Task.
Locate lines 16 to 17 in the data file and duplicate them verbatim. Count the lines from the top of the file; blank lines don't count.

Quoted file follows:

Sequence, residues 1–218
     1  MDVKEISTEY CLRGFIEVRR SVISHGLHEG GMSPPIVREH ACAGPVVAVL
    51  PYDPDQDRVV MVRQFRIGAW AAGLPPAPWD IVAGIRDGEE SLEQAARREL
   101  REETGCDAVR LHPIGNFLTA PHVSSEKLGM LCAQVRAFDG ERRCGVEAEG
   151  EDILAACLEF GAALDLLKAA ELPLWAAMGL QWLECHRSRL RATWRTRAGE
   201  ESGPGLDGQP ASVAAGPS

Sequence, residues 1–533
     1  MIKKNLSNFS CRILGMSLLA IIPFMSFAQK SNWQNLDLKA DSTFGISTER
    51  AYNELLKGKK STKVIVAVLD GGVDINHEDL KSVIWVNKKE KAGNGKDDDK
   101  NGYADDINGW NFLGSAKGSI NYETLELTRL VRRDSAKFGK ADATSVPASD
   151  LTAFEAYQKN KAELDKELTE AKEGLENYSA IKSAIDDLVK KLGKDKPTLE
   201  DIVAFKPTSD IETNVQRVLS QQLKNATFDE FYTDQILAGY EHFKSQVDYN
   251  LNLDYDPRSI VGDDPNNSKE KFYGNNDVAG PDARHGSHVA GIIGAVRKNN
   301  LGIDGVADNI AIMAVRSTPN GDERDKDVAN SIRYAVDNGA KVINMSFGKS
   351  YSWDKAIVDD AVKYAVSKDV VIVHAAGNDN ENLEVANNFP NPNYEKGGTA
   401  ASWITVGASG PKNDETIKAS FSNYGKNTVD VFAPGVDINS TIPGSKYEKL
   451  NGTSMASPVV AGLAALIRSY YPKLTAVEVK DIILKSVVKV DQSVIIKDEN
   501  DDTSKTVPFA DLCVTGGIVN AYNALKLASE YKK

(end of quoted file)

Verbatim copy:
   401  ASWITVGASG PKNDETIKAS FSNYGKNTVD VFAPGVDINS TIPGSKYEKL
   451  NGTSMASPVV AGLAALIRSY YPKLTAVEVK DIILKSVVKV DQSVIIKDEN